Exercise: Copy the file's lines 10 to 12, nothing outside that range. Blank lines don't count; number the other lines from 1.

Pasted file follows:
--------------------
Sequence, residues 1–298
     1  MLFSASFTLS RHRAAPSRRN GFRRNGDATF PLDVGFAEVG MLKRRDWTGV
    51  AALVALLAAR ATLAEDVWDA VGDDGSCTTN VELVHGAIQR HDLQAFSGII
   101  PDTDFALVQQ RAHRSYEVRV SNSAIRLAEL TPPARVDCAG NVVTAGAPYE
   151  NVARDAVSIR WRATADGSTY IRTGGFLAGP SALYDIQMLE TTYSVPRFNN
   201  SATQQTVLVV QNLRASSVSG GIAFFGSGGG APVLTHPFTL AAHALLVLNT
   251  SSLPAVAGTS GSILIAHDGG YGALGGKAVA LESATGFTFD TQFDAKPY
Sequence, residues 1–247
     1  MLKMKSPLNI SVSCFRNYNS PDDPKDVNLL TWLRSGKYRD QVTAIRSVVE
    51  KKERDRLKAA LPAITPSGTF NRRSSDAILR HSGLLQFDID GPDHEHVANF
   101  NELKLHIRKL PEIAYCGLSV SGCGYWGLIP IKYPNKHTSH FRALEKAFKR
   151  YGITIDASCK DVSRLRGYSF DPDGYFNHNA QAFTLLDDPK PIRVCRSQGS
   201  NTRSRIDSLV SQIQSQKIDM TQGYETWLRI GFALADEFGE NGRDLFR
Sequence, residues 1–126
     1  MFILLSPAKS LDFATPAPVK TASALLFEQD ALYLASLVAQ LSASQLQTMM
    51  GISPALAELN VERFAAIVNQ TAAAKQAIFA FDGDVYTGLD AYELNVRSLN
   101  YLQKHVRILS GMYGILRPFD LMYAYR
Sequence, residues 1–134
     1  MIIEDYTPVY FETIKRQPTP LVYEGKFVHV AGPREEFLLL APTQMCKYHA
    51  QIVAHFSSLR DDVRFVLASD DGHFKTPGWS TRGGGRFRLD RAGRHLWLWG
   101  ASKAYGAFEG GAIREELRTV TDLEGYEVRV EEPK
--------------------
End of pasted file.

    51  KKERDRLKAA LPAITPSGTF NRRSSDAILR HSGLLQFDID GPDHEHVANF
   101  NELKLHIRKL PEIAYCGLSV SGCGYWGLIP IKYPNKHTSH FRALEKAFKR
   151  YGITIDASCK DVSRLRGYSF DPDGYFNHNA QAFTLLDDPK PIRVCRSQGS